Every time an allocation is successfully made, the decResourceRequest() or 
decrementOutstanding() call will update the *requests* table so that it only 
contains outstanding requests, but unfortunately, every time an 
ApplicationMaster heartbeat comes, the same *requests* table is updated by the 
updateResourceRequests() call with the total requests coming from AMRMClient.

This inconsistent view of total requests from AMRMClient side, and the 
outstanding requests from the Scheduler side, in my opinion, is very confusing 
to say the least. 

I see that a solution has already been proposed by [~wangda] in YARN-3020, 
which I think is the correct thing to do:
maybe we should add a default implementation to deduct pending resource 
requests by prioirty/resource-name/capacity of allocated containers 
automatically (User can disable this default behavior, implement their own 
logic to deduct pending resource requests.)

This solution will make *remoteRequestsTable* in AMRMClient only keep track of 
outstanding container requests, which is then consistent with the *requests* 
table at the Scheduler side.

Any comments or thoughts? We are currently investigating YARN-1197, and are 
faced with a similar issue with properly tracking container resource increase 
requests at both client and server side.


> Allocation of too many containers when a second request is done with the same 
> resource capability
> -------------------------------------------------------------------------------------------------
>                 Key: YARN-1902
>                 URL: https://issues.apache.org/jira/browse/YARN-1902
>             Project: Hadoop YARN
>          Issue Type: Bug
>          Components: client
>    Affects Versions: 2.2.0, 2.3.0, 2.4.0
>            Reporter: Sietse T. Au
>            Assignee: Sietse T. Au
>              Labels: client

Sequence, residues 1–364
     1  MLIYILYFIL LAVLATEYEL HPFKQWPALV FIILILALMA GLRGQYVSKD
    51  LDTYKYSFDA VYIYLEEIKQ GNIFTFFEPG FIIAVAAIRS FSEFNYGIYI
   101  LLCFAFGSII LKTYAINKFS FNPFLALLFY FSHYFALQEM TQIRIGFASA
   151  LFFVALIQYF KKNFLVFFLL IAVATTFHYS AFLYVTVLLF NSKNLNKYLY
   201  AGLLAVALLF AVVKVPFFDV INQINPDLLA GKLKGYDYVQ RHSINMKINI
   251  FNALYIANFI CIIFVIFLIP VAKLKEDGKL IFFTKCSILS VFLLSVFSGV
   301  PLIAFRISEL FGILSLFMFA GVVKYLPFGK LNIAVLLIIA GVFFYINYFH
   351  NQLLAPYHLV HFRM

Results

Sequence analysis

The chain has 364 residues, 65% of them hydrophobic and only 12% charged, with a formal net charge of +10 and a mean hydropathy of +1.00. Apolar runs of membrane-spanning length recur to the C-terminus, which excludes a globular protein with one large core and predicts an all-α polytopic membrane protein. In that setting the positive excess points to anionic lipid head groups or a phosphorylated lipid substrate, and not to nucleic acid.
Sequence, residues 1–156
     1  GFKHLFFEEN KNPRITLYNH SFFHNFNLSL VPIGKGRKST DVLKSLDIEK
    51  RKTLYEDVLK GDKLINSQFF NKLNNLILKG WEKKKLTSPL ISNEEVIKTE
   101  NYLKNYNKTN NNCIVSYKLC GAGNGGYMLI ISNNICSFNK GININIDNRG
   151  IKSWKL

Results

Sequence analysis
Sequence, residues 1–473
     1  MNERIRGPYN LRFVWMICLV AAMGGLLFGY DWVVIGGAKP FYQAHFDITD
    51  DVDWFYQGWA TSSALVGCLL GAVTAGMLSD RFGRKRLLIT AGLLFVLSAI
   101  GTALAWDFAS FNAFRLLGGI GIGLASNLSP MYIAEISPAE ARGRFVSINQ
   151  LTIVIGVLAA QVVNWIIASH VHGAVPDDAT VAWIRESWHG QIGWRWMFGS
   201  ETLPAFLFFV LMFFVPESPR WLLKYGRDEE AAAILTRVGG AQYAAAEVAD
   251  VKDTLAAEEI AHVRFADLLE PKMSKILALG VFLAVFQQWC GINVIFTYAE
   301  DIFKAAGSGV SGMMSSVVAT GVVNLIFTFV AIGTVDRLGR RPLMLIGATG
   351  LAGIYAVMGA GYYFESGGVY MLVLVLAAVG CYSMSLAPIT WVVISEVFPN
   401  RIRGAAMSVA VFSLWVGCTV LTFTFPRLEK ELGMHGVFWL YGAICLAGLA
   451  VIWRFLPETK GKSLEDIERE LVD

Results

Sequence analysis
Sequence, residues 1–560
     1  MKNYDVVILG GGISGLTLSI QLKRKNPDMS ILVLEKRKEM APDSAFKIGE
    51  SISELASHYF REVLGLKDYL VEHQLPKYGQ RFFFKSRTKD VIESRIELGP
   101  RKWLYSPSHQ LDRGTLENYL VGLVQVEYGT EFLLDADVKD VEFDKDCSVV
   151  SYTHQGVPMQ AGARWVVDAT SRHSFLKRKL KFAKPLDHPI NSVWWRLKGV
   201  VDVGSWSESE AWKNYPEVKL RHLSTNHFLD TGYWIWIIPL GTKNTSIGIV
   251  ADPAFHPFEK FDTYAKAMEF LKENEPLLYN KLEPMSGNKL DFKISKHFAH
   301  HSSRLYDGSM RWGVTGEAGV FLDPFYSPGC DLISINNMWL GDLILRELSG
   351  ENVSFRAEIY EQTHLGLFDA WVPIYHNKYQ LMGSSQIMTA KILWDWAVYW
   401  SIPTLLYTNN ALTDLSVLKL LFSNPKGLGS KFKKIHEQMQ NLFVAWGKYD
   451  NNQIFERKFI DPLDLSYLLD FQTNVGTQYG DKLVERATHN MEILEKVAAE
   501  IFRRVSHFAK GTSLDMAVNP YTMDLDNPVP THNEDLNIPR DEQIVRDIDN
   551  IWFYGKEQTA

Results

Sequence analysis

>         Attachments: YARN-1902.patch, YARN-1902.v2.patch, YARN-1902.v3.patch
> Regarding AMRMClientImpl
> Scenario 1:
> Given a ContainerRequest x with Resource y, when addContainerRequest is 
> called z times with x, allocate is called and at least one of the z allocated 
> containers is started, then if another addContainerRequest call is done and 
> subsequently an allocate call to the RM, (z+1) containers will be allocated, 
> where 1 container is expected.
> Scenario 2:
> No containers are started between the allocate calls. 
> Analyzing debug logs of the AMRMClientImpl, I have found that indeed a (z+1) 
> are requested in both scenarios, but that only in the second scenario, the 
> correct behavior is observed.
> Looking at the implementation I have found that this (z+1) request is caused 
> by the structure of the remoteRequestsTable. The consequence of Map<Resource, 
> ResourceRequestInfo> is that ResourceRequestInfo does not hold any 
> information about whether a request has been sent to the RM yet or not.
> There are workarounds for this, such as releasing the excess containers 
> received.
> The solution implemented is to initialize a new ResourceRequest in 
> ResourceRequestInfo when a request has been successfully sent to the RM.
> The patch includes a test in which scenario one is tested.